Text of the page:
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Nintendo’s history is littered with interesting and unique controller designs. While the jump from NES to SNES certainly introduced a slightly changed shape and more buttons, it was the leap to N64 that had a lot of people scratching their heads. Turns out Microsoft’s Phil Spencer was one of those people.

In an interview with the Xbox Era Podcast, Spencer looked back on when he moved into Microsoft’s gaming space. At that time, he wasn’t too familiar with console gaming, so he snatched up an N64 and Playstation. With the N64 in particular, Spencer was a tad confused by the controller’s design. To this day, Spencer still has trouble wrapping his head around it.

“You have to have three hands, it’s a controller that’s built for somebody with three hands, as great as the games are…yeah, it was kind of cool, because it was kind of like two controllers in one”

There’s no doubt many companies used the N64 controller in interesting ways, and made some slightly cumbersome control options. Nintendo clearly envisioned the controller being held one of two ways during play, but other developers threw everything at the wall to see what stuck!

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Comments (7)

vinlauria

7M ago

N64 controller was in essence supposed to be three controllers in one, with Nintendo trying to hedge their bets without a clear idea on how an analog stick would turn out to be used. Would it be best in the left or right hand? Would people even bother with it at all?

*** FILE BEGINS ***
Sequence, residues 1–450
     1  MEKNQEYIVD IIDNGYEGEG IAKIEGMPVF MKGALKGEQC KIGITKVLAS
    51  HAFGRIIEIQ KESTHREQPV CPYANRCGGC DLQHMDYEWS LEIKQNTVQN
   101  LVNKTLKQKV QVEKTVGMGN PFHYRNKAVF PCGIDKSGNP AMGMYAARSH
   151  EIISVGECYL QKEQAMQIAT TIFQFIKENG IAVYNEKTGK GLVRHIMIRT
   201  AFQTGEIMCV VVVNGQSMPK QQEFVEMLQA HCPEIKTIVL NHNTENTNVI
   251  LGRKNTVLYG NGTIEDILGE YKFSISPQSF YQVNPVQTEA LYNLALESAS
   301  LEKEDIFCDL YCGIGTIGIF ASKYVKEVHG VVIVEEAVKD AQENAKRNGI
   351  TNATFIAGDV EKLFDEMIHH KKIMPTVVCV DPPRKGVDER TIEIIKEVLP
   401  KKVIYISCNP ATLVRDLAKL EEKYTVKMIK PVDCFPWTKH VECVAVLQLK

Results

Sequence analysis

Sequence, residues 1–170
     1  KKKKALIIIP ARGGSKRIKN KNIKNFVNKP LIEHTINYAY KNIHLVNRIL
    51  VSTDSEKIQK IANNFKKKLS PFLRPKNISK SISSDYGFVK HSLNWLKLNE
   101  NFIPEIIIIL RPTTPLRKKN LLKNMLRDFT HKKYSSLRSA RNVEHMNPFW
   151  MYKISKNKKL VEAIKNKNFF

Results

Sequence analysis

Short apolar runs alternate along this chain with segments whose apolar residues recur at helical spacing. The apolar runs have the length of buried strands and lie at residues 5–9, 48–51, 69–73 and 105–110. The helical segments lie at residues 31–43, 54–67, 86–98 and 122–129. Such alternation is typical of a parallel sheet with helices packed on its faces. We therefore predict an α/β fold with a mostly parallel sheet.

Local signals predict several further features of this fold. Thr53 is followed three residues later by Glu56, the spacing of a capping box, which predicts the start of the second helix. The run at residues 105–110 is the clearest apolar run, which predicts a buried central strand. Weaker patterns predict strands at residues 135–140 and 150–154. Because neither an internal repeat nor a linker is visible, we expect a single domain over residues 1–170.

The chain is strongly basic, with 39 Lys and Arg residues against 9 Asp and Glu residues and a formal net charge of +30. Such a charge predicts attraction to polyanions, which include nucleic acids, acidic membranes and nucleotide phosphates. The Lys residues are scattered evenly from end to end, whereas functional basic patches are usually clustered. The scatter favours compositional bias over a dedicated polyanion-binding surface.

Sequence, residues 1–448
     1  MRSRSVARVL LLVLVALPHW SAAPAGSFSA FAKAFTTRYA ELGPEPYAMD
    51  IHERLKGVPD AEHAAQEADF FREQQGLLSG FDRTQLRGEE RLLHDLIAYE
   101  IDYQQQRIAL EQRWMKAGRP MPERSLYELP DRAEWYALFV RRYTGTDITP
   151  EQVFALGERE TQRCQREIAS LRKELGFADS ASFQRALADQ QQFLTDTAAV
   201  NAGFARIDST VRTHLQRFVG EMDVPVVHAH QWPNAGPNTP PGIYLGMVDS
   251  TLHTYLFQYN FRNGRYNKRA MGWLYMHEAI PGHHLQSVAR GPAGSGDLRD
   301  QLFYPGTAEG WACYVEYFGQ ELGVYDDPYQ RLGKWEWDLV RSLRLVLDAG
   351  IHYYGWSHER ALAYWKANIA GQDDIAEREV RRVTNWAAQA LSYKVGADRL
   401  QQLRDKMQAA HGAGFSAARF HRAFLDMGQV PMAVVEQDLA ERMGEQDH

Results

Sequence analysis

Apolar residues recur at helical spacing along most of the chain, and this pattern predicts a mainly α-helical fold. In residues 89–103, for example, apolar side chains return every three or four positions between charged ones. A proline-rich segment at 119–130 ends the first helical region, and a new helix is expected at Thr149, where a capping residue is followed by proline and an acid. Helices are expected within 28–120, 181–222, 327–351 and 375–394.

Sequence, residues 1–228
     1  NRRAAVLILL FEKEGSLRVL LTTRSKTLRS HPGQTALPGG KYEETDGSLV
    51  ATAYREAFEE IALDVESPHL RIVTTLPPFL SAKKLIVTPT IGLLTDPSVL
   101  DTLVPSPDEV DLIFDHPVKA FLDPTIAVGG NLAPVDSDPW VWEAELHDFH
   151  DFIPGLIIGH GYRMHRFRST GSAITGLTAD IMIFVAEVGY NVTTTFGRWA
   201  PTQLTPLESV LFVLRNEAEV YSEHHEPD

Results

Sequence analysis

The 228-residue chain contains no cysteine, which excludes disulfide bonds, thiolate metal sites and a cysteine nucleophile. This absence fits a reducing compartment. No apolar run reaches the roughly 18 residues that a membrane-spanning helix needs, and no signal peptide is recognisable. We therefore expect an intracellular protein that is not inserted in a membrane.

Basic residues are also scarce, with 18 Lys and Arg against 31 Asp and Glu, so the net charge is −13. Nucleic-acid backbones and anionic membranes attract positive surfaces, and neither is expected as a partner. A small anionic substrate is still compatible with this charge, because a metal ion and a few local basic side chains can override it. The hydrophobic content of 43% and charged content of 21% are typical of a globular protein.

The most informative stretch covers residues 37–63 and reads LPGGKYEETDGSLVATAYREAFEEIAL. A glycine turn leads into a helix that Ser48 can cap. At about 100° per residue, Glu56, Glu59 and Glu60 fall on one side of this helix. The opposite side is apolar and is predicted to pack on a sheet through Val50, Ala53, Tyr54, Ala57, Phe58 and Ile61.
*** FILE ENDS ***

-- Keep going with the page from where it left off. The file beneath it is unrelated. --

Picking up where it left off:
The Z/R grip is the one we all remember, as it ended up being used for most games as analog movement quickly became standard, but the less common L/R grip was meant to to be akin to a Saturn controller for games still focused on a 2D control scheme; few games used this, namely Kirby 64 and I believe Yoshi's Story off the top of my head.

Rarest of all and not often discussed is the L/Z grip, which was intended for games as a sort of pseudo-WASD control scheme, where having analog in your right hand for things like aiming would be more important than an array of face buttons, and movement could be handled well enough with a simple D-pad. To my knowledge, no game ever used this scheme exclusively and it was only ever included as an option in a few shooters.

It wouldn't be until the PlayStation Dual Analog controller (precursor to the DualShock) did anyone figure out to just put an analog stick in each hand alongside the usual D-pad/face buttons for the two-tiered controller layout we know today, rather than trying to make analog options work on just one "tier" as the N64 controller did.

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gybones

7M ago

In contrast to your well thought out comment vinlauria, I like how the START button makes Phil look like he has lipstick in the story photo


jake_a

7M ago

The N64 controller is pretty weird when I look back at it but I really enjoyed using it during that era. I remember thinking I rented a defective copy of Mischief Makers because I couldn't get the game to register directional inputs, but then I realized the game wanted me to use the D-Pad. Probably the first time I ever held the controller like that.


streex

7M ago

I grew an extra hand just to use this controller and get the upper "hand" on competition.


Yoshi's Story for sure didn't use the dpad to move. Part of the gameplay was "walking" to sniff out fruit, balancing games that wanted you to use analog controls to adjust speed, and being able to lick fruit 360 degrees around him, and dpad wouldn't have worked for what they wanted to accomplish. All the dpad did was show your border of fruit you've collected, if I recall correctly.

Surprisingly, though, a lot of wrestling games used the dpad to control your wrestler leaving the stick to do very little. The AKI developed wrestling games (aka the best wrestling games still hahaha) only uses the control stick to taunt and use your finisher. I always found it odd because they definitely seemed like games that would have benefitted from analog movement.


goldyk

7M ago

And then there was me, who always held the outer prongs, regardless of of whether the game used the D-Pad or the analogue stick.


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